In 17th-century France, Father Urbain Grandier seeks to protect the city of Loudun from the corrupt establishment of Cardinal Richelieu. Hysteria occurs within the city when he is accused of witchcraft by a sexually repressed nun.
In 1926 the tragic and untimely death of a silent screen actor caused female moviegoers to riot in the streets and in some cases to commit suicide - that actor was Rudolph Valentino. ... See full summary »
Ten short pieces directed by ten different directors, including Ken Russell, Jean-Luc Godard, Robert Altman, Bruce Beresford, and Nicolas Roeg. Each short uses an aria as soundtrack/sound (... See full summary »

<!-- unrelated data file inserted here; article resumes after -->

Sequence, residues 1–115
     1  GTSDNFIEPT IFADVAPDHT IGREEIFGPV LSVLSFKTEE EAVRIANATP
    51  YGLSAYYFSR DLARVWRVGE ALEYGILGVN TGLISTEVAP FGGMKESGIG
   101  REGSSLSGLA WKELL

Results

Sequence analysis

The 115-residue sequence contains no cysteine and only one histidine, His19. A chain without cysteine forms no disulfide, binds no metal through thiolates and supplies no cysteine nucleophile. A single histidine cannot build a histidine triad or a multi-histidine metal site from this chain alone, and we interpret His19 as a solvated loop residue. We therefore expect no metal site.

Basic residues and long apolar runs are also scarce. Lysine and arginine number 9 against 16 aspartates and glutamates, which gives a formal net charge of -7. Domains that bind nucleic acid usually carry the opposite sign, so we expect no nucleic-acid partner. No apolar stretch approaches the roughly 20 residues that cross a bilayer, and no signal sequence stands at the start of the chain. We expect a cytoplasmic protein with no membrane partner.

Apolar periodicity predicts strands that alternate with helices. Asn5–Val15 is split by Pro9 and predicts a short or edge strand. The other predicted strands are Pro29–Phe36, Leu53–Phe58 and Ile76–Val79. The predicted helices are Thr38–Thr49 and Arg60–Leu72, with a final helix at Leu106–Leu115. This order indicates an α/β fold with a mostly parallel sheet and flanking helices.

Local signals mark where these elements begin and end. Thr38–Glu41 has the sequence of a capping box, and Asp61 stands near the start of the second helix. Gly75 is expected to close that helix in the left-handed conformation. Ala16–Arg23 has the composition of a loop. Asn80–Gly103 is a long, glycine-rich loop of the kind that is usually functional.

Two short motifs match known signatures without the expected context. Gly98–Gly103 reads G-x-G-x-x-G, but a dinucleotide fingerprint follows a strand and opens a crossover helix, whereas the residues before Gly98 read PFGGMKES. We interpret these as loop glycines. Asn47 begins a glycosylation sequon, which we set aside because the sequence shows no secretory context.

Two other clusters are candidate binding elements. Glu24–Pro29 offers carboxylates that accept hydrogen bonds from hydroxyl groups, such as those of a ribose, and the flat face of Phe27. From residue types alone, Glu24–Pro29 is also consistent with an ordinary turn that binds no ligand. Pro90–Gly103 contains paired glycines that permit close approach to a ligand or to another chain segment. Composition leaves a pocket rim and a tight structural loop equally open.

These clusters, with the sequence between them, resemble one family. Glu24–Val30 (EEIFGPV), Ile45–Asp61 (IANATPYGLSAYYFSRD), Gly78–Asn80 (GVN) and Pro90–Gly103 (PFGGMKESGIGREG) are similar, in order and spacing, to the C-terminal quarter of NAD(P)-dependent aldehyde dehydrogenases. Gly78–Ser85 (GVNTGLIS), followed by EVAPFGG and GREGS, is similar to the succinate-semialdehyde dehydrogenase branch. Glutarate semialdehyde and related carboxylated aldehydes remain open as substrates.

Ken Russell is not for everybody, and my view of him and his work has been somewhat of a mixed bag. There has been some stuff of his I liked very much, especially Mahler though even that had touches that some are not going to like, but others that I've not cared for, like his 1985 staging of Faust. Elgar: Fantasy of a Composer on a Bicycle is not his best or one of them, and I do think his 1960s work of the composer was better, but a long way from his worst. I do agree that it does get monotonous in places in pacing and in some of the sequences(especially the couple standing by the window), and the women's appearances are too come and go. Elgar: Fantasy of a Composer on a Bicycle is shot beautifully though, the period detail is lovingly evocative and the scenery is every bit as magical. The music is glorious and always fitting, and the Isle of Wight honeymoon sequence is just enchanting. The lack of dialogue was a good idea I think, the body language tells so much even without it, while the biographical elements are fascinating and for Russell thankfully restrained in tone. Overall, while not always consistent and securely paced, Elgar: Fantasy of a Composer on a Bicycle was fascinating and beautiful to look at. 8/10 Bethany Cox
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